Join the Davis Center for a film screening for "The Barber of Siberia." This 1998 Russian film follows the story of Jane Callahan (Julia Ormond), a beautiful American woman, writes to her son, a cadet at a famous military academy, about a long kept secret. Twenty years ago she arrived in Russia to assist Douglas McCracken (Richard Harris), an obsessive engineer who needs the Grand Duke Alexei Alexandrovich's patronage to sponsor his invention, a massive machine to harvest the forests. On her travels, she meets two men who would change her life forever: a handsome young...

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    Amazing Archaeology Fair at Harvard 2019

    Location: 

    Peabody Museum of Archaeology & Ethnology, 11 Divinity Avenue, Cambridge

    Join Harvard archaeology students in the museum galleries as they share their experience from excavations around the world and across time. Examine artifacts and see what archaeologists do. Try launching a spear with a spear thrower (weather permitting), carve cuneiform writing on clay, and experience up-to-the-minute technologies such as 3D printing and augmented reality. Test your listening skills in the World Music Challenge game hosted by colleagues from the social anthropology department. Activities will be spread across both the Peabody and the Harvard Semitic Museums.

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    Conference: Unsettled Citizens

    Location: 

    Radcliffe Institute for Advanced Study, Knafel Center, 10 Garden Street, Cambridge

    Populism, global crisis, and modernity have rendered citizenship an ever-more fluid and troubled concept. This conference will explore all of these themes. In the first panel, we will debate the concept of economic citizenship, asking to what extent citizenship can be bought, constituted, or even lost by means of variation in wealth. In a second panel on citizenship and its gatekeepers, our discussion will explore how states, tribes, and other communities regulate belonging. And in the third panel, we will examine how migration and cross-border identity challenge the concept of...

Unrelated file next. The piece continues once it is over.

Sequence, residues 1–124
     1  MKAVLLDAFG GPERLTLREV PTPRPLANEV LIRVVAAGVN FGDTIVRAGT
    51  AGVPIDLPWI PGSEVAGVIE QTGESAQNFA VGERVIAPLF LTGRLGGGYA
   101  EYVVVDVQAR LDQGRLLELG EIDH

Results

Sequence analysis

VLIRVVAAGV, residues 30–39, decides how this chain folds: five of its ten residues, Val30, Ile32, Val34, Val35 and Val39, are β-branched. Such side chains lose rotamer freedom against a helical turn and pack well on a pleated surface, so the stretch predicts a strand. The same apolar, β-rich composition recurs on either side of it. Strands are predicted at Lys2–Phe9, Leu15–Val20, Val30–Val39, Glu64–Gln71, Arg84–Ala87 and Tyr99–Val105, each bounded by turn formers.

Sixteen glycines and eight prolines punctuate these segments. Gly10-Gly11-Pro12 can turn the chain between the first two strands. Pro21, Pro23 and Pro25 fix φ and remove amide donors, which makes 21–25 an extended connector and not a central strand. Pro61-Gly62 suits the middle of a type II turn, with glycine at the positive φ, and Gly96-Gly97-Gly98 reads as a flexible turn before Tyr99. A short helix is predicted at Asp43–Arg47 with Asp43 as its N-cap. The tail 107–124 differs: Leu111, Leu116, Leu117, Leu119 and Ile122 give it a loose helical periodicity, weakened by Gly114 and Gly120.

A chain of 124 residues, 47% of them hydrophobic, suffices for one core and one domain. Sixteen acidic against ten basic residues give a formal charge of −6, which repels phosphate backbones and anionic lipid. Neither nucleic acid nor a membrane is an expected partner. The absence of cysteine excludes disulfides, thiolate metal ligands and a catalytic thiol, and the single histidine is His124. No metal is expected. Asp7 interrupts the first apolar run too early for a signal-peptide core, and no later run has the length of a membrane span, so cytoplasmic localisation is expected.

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    Exhibition Opening: Beauties

    Location: 

    Radcliffe Institute for Advanced Study, Knafel Center, 10 Garden Street, Cambridge

    Beauties is a newly commissioned exhibition by noted contemporary American sculptor, printer, and conceptual and visual artist Willie Cole. He is known for using irons and ironing as central motifs in his work for 30 years, evoking everything from African masks to slave ship diagrams to the routines of domestic servitude. In this special installation, the gallery will be lined with haunting, full-scale prints made from crushed and hammered ironing boards, allowing visitors to confront the contradictory energies running through them.

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    Exhibition Opening Reception: “Fighting Pencil” vs. the Bureaucrat

    Location: 

    Fisher Family Commons, CGIS Knafel Building, 1737 Cambridge Street, Cambridge

    Join the Davis Center for a reception to celebrate the opening of a new exhibition, "Fighting Pencil" vs. The Bureaucrat: Satirical Posters from the Soviet Union. 

    By the 1960’s and 1970’s, outrageous practices in Soviet bureaucracy flourished. Poor planning, endless paper-pushing, redundancy and shirking, bribery, embezzlement, phony reporting, and cover-ups at all levels of the centralized economy had become the norm. The results included shoddy construction, inefficient farming methods, empty store shelves, environmental pollution, and a decidedly uncivil...